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View Full Version : How do you keep from being overwhelmed by a project?



psychopath
10-17-2006, 05:05 PM
It occured to me today, for the first time actually, that I may be in over my head on my editor/engine project Clockwork.

Not that I don't know what i'm doing, or where to go with it, but I just get a headache thinking about all that's left to be done just to get a decent beta release out.

Part of it's my fault I suppose, since I created extra work by not planning enough before, resulting in a design oversight.

How do you guys keep yourselves from becoming overwhelmed by your own projects?

Sorry for being whiny and complainy, but it had to happen sometime ;p

System_159
10-17-2006, 05:39 PM
How do you guys keep yourselves from becoming overwhelmed by your own projects?


Slaves.



:p in all seriousness. If I have something really big, I find out how I can break it down into several smaller projects, so that I can have something done within a few days. Even if it is nothing special and only 1/60th of the entire project, it's nice to be able to at least look at a piece of what you've done so far.
...Don't know if that made any sense at all.

Wraithan
10-17-2006, 05:43 PM
Just keep iterating Psycho.

Prelude
10-17-2006, 06:00 PM
>How do you guys keep yourselves from becoming overwhelmed by your own projects?
I forget about it whenever I can. The best way to get overwhelmed or burnt out is to constantly work on or think about your project.

Happy_Reaper
10-17-2006, 06:48 PM
for(;;)
{
printf("All work and no play makes Jack a dull boy...");
}

That always works for me...

Wraithan
10-17-2006, 07:18 PM
I get a good couple hours a thinkin in on any given project at a time. Then I go play video games and/or work. I recently rediscovered the joys of Starcraft after hearing about Starcraft: Ghost finally being cancled... Blizard under-thought then over-thought then under-thought... while(1)... on that project and look where it ended up.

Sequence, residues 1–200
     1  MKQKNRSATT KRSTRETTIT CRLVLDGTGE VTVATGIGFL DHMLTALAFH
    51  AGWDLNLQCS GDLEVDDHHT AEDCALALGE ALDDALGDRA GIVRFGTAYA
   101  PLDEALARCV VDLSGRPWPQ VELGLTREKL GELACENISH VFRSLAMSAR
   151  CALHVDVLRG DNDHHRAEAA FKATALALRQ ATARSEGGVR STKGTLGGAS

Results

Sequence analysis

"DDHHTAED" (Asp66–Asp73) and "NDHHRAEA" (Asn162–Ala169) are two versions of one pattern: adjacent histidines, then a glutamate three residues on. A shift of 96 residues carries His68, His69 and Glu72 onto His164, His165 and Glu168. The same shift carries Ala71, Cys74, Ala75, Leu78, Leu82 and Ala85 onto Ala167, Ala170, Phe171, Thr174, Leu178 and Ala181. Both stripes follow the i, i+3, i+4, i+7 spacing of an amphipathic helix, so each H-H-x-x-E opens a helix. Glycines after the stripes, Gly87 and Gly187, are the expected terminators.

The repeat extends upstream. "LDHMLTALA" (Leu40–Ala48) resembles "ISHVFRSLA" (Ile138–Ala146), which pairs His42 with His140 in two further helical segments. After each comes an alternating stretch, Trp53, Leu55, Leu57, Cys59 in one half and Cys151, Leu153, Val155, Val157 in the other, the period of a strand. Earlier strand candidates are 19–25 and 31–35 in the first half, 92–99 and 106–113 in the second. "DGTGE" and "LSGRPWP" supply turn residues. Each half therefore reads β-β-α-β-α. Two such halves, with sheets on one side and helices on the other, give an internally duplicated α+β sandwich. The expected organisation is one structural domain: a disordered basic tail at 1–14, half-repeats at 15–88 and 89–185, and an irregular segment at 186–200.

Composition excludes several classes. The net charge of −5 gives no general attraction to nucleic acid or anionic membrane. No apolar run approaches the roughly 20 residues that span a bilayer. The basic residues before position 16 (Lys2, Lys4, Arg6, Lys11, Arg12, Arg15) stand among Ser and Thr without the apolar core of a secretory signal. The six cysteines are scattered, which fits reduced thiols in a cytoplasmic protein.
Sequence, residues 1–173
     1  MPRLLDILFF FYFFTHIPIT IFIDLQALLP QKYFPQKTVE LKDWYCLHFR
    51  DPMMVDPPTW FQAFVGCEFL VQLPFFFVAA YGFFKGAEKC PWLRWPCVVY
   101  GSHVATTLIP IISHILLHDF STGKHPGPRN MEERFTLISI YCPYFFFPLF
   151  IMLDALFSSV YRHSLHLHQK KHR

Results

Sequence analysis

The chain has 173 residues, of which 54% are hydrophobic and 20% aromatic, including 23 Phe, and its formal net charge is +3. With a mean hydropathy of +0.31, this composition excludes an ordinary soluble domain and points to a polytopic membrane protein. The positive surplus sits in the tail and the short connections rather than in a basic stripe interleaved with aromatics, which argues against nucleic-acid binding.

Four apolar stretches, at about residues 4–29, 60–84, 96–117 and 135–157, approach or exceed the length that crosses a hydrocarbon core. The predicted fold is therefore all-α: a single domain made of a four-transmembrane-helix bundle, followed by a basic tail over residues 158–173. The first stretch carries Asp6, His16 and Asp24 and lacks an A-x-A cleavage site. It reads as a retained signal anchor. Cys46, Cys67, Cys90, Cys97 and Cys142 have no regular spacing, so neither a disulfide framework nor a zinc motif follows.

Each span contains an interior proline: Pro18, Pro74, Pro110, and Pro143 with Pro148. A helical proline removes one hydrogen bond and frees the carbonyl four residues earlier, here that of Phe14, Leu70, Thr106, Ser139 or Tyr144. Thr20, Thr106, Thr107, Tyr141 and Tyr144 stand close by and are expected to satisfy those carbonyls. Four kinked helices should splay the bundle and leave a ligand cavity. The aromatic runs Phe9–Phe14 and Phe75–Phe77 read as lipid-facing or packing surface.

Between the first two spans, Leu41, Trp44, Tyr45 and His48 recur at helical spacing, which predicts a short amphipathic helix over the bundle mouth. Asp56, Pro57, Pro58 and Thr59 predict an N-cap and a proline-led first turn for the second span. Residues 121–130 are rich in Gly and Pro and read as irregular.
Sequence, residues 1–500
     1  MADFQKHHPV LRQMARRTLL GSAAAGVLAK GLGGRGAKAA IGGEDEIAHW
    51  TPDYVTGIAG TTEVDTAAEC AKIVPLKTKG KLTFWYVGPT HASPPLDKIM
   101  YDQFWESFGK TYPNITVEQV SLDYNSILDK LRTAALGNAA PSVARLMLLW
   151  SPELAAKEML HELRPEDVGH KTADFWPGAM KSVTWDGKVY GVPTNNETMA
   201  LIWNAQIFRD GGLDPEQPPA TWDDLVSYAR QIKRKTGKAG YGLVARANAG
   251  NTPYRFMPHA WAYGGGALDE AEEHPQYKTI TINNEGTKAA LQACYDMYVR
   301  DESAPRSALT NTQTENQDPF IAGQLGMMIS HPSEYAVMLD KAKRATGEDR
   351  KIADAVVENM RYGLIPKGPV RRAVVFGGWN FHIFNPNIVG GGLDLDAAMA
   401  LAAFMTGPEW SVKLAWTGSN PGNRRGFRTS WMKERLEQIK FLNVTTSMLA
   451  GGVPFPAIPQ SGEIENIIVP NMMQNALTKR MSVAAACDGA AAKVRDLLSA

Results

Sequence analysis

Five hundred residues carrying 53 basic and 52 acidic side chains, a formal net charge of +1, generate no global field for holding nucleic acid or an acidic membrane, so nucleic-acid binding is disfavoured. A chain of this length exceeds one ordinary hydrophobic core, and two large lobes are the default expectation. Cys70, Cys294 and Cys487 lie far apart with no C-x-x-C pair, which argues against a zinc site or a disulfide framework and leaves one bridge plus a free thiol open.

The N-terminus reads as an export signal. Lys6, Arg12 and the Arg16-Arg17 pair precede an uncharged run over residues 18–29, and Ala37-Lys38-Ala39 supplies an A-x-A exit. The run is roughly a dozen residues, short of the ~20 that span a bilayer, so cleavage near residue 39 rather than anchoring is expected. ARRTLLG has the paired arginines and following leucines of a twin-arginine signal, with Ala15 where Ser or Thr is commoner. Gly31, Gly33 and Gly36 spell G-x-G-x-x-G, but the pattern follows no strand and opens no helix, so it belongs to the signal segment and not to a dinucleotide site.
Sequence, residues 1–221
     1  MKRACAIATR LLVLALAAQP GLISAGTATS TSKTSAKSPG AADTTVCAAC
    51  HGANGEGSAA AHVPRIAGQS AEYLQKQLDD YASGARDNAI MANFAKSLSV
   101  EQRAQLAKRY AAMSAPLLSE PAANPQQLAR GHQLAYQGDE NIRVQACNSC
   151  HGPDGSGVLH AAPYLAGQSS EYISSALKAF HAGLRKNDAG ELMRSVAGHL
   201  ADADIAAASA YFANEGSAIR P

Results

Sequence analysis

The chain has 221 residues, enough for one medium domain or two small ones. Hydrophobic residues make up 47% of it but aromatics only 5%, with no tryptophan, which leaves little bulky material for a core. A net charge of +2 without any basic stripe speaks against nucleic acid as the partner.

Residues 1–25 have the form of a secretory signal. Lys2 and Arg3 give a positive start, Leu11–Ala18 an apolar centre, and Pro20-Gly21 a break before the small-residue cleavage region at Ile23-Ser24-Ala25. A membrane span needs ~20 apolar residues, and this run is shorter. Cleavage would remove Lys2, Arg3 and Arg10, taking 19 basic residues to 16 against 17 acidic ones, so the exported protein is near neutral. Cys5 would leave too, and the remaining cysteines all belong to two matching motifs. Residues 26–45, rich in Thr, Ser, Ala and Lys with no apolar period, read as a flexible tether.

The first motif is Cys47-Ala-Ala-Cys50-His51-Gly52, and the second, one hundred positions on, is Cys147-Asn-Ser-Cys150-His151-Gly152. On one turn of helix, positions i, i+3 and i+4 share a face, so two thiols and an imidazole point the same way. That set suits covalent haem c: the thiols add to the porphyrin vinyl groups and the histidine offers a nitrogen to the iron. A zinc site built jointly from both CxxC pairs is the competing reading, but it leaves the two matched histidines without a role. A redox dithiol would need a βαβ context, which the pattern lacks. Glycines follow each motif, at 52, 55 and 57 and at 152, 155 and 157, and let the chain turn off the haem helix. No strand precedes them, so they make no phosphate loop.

I probably plan as much as I code/debug and still design flaws are all over. I am thinking about picking up a design patterns book.

Kennedy
10-17-2006, 09:57 PM
My boss is so scater-brained that he hardly lets me work on one project for very long ;).

SlyMaelstrom
10-18-2006, 11:27 AM
My boss is so scater-brained that he hardly lets me work on one project for very long ;).My bosses never let me work on a project for more than a few hours... at which point they fire me.

twomers
10-18-2006, 12:33 PM
I always felt sorry for jack. The hotel used him!

To be honest, if I'm writing a program, and if there are lots of problems flying at me from all angles and I don't know how to solve any of them, I make a number of side-projects. This way, I tackle one problem at a time. In fact, I have one pernament project on my computer called 'problem_proj', where I do my smaller sub projects, then file the source in sub folders within my 'problem_proj' folder when I solve the problem ... seems slightly obsessive, eh? I think of it as organised :p

BobMcGee123
10-18-2006, 04:53 PM
Learn how to say "no" to certain aspects of your project (don't implement them, or take an easier approach) and take a break every now and again. Yes, it really can be that simple.

psychopath
10-22-2006, 09:57 AM
Saying "no" has always been a problem for me. With everything.

I'll probably try what twomers and system_159 said; breaking it down into smaller pieces.

I've been away for the last 5 days, so I've had a nice little break from the computer. Maybe that's what I needed, because i'm now itching to get back at it again.

manutd
10-22-2006, 10:41 AM
post it on sourceforge and get others to help with it to. This only works sif you project is actually interesting, which I think it is.

Prelude
10-22-2006, 11:03 AM
>post it on sourceforge and get others to help with it to. This only works sif you project is actually interesting
And if open sourcing it is feasible.

psychopath
10-22-2006, 11:15 AM
I would post it on SF, but I don't really have any intention of making the project open-source (yet).

VirtualAce
10-22-2006, 01:27 PM
Projects become overwhelming when you try to do too much with too little. Make a list of features and functionality you would 'ideally' like to have. Now go through that list and pick out the ones that are 'realistically' possible given the size of your dev team, time needed to implement, etc, etc. Your list will begin to shrink quite rapidly.

Your editor does not need to do everything under the sun like 3DS Max and it won't. You cannot possibly produce a 3DS Max with the time you have and the number of people you have. And besides take a look at Blender. It does a lot, but doesn't do it all that well and the interface is horrible. But trueSpace and gameSpace from Caligari will do everything you want, will do it well, and the interface is much better.

So what is it exactly that you want this editor to be able to do and what 'functionality' do you feel lies beyond the scope of the editor. Is it for creating localized objects or can it create entire worlds? Will it have various file format exporters or are you going to simply support a format of your own design and then allow people to create exporters. This is a simple process of creating an API of sorts for loading and saving data and you can implement plug-ins to do format specific tasks.

I'd say plug-ins are the most important part of an editor. This allows you to focus more on the core code and then let the rest 'evolve' as people begin to use it and need more functionality.